Bread from Heaven. Bread from Earth. Reflexion for Sunday, March 6th, Fourth Sunday of Lent.
By Adriana Cabrera-Velásquez of Paipa, Boyacá, Colombia with an MDiv. From Earlham School of Religion, Richmond, Indiana
Today is the fourth Sunday of Lent. Today we celebrate God´s unfailing Love surrounding those who trust in Her (Psalm.32:1). Such is the common theme of both Psalm 32 and Joshua 5.
Joshua 5 narrates two important events: God´s chosen people´s arrival to the Promised Land, and God´s subsequent forgiveness of transgressions carried through forty years wondering in the dessert (Joshua 5:9-12).
Psalm 32 describes the condition needed for this act forgiveness: a heartfelt confession that people have distrusted God repeatedly during the journey (Psalm 32:5). It also describes acknowledgement of fulfillment of such condition: God´s blessing upon those forgiven (Psalm 32:1).
At the core of this cleansing of hearts and the beginning of a new era in God´s relationship with the people lies agriculture.
The wonderer´s arrival to Canaan is marked by two significant moments: circumcision of all males who have arrived, liberating them from the guilt of their sinful ancestors (Joshua 5:2); and God´s provision of people´s right to nurture themselves from produce of the land, by stopping manna from its continuous falling (Joshua 5:12).
This two fold act is determined on one hand by a specifically male act of blessing: Circumcision, followed on the other hand by an innately female consequence: nurturing body and mind not any longer through dispensation of bread from heaven, but through the gifts of Mother Earth, who only come through human cooperation with God.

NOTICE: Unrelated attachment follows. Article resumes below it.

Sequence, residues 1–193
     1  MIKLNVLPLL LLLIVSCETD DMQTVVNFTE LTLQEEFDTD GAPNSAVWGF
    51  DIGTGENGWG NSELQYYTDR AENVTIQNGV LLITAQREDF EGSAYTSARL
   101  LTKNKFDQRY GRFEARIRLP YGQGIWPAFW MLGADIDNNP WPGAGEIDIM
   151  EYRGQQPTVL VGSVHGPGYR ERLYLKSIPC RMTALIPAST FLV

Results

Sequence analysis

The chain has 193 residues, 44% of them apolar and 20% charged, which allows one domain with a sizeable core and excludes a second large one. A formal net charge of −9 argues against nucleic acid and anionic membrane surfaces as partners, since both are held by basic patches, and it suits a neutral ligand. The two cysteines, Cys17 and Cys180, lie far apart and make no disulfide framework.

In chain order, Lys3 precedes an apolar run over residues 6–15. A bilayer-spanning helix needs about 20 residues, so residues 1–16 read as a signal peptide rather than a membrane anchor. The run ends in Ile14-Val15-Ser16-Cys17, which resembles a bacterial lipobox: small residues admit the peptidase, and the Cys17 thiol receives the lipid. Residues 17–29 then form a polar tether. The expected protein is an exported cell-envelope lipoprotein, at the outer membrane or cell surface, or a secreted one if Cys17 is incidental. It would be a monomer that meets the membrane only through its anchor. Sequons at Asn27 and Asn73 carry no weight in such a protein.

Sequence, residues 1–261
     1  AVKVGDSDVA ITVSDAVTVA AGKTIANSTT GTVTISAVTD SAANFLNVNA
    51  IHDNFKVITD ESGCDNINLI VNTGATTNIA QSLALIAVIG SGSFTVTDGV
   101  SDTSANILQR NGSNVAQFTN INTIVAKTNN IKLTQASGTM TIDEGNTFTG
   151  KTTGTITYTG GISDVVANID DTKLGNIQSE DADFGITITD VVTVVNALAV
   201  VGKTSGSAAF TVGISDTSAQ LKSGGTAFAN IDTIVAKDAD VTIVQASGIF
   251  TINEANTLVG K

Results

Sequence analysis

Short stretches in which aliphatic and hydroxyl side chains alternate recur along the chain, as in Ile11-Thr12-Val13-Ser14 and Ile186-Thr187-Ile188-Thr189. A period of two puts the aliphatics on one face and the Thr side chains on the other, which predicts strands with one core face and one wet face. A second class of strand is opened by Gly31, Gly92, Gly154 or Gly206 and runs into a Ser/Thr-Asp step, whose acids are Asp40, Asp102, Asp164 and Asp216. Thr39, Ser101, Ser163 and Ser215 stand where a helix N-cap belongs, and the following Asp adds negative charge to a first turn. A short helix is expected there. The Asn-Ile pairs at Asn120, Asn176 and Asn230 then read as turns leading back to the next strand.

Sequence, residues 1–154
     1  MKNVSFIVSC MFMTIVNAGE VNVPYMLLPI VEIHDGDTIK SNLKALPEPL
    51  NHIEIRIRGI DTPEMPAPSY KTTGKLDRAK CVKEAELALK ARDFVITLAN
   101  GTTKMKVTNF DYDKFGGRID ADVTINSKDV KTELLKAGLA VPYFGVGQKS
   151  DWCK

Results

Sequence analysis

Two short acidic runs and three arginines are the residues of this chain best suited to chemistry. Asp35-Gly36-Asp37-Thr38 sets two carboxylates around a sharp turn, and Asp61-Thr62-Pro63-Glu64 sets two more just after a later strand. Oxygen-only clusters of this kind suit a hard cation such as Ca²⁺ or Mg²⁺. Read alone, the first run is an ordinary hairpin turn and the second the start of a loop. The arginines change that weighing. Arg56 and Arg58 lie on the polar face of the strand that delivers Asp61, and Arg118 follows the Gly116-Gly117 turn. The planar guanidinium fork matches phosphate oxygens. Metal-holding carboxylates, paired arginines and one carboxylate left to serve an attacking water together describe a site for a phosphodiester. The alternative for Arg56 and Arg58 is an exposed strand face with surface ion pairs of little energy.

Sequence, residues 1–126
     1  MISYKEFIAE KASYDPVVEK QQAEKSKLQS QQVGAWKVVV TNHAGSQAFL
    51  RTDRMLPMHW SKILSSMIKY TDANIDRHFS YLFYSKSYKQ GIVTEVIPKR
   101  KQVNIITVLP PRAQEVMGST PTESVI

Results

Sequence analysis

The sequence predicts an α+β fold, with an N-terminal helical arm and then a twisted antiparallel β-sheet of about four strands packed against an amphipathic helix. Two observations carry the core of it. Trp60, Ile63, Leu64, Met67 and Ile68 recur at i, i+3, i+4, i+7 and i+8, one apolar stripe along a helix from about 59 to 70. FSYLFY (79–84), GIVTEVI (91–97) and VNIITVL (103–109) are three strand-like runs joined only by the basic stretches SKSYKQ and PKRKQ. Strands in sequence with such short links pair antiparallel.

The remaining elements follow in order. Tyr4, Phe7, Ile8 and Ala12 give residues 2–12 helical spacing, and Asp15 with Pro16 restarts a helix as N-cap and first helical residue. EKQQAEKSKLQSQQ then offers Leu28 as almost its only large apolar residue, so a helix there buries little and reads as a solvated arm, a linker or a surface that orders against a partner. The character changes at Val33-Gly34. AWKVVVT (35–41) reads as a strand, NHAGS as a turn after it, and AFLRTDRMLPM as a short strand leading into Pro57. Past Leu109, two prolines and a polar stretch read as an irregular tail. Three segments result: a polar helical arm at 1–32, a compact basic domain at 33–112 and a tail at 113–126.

In this particular time of Lent, when Christians are called to prepare their hearts for the coming of Holy Week, a time when our tradition commemorates the hardest as well as celebrates the most glorious of events, we are called to cooperate with God in harvesting our own nurture.
God provides manna to a hungry and distrustful people in the dessert as an act of provision for survival. Manna, however, is not acceptable as an offering. If one wants to worship God, one has to offer the produce of human cooperation with the Divine, which nurtures both God as well as God´s creation.
The transgressions forgiven upon arrival to Canaan consist on the people not trusting their own journey, and instead, passively waiting to be assisted by God´s Mercy, demanding a sign Presence.
In this time of preparation for Holy Week, may we trust that God is with us and at the same time cooperate with God in the active embodiment of our present and forging of our future.
Only then we heal our relationship with God and prepare our hearts to follow God´s will, which is none other than to pursue our own genuine happiness.
As Jesus himself said, “Your ancestors ate manna and died, but whoever feeds on this bread will live forever.” (John 6:58).
Photo caption: Local produce in Tierralta, Cordoba, Colombia. Photo by Silvia Restrepo-Uribe, March 16, 2008